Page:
Context-Dependent Memory: How It Works And Why It Matters

Medically reviewed by Julie Dodson, MA
Updated May 14, 2024by BetterHelp Editorial Team
Please be advised, the below article might mention trauma-related topics that include suicide, substance use, or abuse which could be triggering to the reader.
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You may be able to readily understand how context can make facts and figures more meaningful. What you might not realize, however, is that context can also make your thoughts and experiences more memorable and easier to understand. By understanding context-dependent memory and learning how to put that knowledge to work, you may be able to reap a variety of benefits.

Do you need help processing or recalling an important memory?

What is context-dependent memory?

Context-dependent memory can bring ideas and skills to mind when you’re in the same context in which you learned them.

When you learn something in one context, you might more easily remember it in that same context. For example, some people chew a particular flavor of gum or drink a certain type of tea while studying. When taking an exam covering that material, they chew that same gum or drink the same tea to help jog their memory. Context-dependent memory can extend to more than just learning, though. We’ll explore this in greater detail below after looking at the brain structures involved in this type of memory.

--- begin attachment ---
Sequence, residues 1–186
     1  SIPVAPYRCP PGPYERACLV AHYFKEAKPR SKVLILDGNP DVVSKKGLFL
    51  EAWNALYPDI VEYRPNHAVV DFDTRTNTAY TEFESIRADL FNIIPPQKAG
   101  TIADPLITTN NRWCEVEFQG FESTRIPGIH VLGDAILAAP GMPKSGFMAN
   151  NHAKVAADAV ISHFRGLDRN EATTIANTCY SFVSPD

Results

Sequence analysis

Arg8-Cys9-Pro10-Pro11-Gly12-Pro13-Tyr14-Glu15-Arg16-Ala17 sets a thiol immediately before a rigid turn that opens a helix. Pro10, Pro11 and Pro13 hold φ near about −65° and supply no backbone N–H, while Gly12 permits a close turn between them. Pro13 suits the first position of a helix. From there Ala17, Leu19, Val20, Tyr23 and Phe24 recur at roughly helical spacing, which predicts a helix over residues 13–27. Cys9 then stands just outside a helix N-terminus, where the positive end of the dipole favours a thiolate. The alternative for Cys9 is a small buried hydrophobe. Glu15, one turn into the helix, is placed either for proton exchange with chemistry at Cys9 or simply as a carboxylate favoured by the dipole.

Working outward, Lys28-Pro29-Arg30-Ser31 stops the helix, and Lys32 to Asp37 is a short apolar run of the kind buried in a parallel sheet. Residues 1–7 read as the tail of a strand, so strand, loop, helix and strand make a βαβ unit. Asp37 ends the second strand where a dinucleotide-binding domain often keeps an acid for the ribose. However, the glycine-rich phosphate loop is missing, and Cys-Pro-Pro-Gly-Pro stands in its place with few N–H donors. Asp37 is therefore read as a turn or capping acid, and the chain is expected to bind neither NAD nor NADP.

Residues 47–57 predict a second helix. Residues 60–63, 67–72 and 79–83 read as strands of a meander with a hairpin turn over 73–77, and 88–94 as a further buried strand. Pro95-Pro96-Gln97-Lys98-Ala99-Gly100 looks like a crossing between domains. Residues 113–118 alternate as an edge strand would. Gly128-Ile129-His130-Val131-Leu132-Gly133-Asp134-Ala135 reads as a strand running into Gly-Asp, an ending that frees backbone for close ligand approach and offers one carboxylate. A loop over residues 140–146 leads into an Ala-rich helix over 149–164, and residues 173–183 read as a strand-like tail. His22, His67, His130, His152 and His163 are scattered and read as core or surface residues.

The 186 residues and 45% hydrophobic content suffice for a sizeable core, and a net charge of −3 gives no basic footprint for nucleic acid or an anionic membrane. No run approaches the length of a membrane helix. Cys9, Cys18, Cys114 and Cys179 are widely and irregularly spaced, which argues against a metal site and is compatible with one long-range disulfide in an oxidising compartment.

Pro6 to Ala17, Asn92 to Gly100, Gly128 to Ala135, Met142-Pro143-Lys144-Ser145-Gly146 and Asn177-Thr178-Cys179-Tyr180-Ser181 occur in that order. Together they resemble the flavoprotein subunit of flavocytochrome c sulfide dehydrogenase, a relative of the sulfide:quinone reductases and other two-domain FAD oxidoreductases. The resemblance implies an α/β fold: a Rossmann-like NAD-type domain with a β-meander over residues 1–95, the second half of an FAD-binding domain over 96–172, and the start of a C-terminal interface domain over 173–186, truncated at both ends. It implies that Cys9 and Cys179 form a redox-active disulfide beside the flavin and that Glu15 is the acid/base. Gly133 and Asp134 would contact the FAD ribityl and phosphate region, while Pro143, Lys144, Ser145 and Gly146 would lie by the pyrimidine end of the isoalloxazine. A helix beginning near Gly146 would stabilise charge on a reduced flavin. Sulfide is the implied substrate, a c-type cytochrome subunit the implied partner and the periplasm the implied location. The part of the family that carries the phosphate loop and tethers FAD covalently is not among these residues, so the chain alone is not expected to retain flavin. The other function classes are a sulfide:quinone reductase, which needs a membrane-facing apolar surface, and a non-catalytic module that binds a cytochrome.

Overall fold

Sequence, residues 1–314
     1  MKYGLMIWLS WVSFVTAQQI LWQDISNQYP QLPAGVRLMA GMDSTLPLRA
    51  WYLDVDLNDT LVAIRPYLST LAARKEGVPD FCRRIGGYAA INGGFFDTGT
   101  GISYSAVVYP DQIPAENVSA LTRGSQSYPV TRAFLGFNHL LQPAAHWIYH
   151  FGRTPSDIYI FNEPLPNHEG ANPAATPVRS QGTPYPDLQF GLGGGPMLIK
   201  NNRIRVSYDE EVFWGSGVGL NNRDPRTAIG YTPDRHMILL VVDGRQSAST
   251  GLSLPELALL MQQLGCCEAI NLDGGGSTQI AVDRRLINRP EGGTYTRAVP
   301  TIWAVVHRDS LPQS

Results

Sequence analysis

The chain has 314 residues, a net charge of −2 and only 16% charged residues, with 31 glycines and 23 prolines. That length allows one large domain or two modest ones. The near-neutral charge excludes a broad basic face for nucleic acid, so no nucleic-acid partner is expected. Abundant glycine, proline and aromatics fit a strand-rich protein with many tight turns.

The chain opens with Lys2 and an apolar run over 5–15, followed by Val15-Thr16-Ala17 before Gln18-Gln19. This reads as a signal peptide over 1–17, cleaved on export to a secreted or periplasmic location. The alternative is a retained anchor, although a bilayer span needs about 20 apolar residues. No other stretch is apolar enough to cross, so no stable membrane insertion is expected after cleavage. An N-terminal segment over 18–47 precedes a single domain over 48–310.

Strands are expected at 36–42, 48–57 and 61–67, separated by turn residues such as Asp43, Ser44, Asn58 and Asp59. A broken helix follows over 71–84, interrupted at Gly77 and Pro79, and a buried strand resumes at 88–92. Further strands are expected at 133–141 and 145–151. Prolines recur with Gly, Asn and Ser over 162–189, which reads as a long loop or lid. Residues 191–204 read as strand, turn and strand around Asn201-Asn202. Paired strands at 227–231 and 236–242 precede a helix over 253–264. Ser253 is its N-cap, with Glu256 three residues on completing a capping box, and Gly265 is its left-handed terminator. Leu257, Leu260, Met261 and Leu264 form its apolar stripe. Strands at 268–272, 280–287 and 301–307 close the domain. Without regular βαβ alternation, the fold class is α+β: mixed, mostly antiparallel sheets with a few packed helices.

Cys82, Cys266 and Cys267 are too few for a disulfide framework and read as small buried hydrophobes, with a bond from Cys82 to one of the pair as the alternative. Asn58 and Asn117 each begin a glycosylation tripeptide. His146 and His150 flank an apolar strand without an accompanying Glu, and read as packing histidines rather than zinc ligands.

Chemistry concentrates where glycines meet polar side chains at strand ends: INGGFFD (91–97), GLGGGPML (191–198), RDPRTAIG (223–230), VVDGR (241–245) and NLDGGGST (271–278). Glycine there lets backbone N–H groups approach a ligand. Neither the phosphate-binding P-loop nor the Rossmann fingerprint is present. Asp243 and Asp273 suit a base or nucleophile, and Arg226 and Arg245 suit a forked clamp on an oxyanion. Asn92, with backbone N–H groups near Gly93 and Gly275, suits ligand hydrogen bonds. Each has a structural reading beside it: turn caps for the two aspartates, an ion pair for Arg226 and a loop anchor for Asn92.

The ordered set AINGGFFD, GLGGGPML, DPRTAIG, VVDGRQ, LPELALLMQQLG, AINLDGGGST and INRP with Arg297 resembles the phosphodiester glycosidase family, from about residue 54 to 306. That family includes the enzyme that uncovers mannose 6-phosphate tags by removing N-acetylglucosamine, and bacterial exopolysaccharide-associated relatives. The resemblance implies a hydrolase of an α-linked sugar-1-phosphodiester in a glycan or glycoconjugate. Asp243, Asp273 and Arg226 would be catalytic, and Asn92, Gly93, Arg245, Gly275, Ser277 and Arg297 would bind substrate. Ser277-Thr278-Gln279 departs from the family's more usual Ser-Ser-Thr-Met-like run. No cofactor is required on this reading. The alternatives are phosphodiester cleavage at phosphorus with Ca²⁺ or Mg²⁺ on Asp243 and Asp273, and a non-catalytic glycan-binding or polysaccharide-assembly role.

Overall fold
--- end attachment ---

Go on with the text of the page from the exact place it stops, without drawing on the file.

What brain structures are involved?

The two main brain structures involved in context-dependent memory are the hippocampus and the prefrontal cortex. The hippocampus is thought to be related to human emotion and memory. The prefrontal cortex is an area of gray matter on both sides of the front part of the brain. It can be useful in emotional, cognitive, and behavioral functions.

Types of context-dependent memory

Context-dependent memory includes several different subtypes. The difference between these subtypes is often related to the kind of context involved.


Your environment can have a strong effect on your ability to recall information and memories. For instance, you may have trouble remembering much from your childhood. However, if you go back and walk through your childhood home, memories that have been hidden for years may suddenly spring to mind.

The environment doesn’t necessarily have to be identical, either. You may be able to remember facts and experiences more clearly anytime you’re in a similar environment. Suppose you were given a specs sheet to read and memorize during your work hours. Now, suppose you’re at home trying to relay that information to a friend. The environment is different, so you might have trouble remembering those specs. However, when you go back to work, your context-dependent memory may make it easier to remember it when you need it.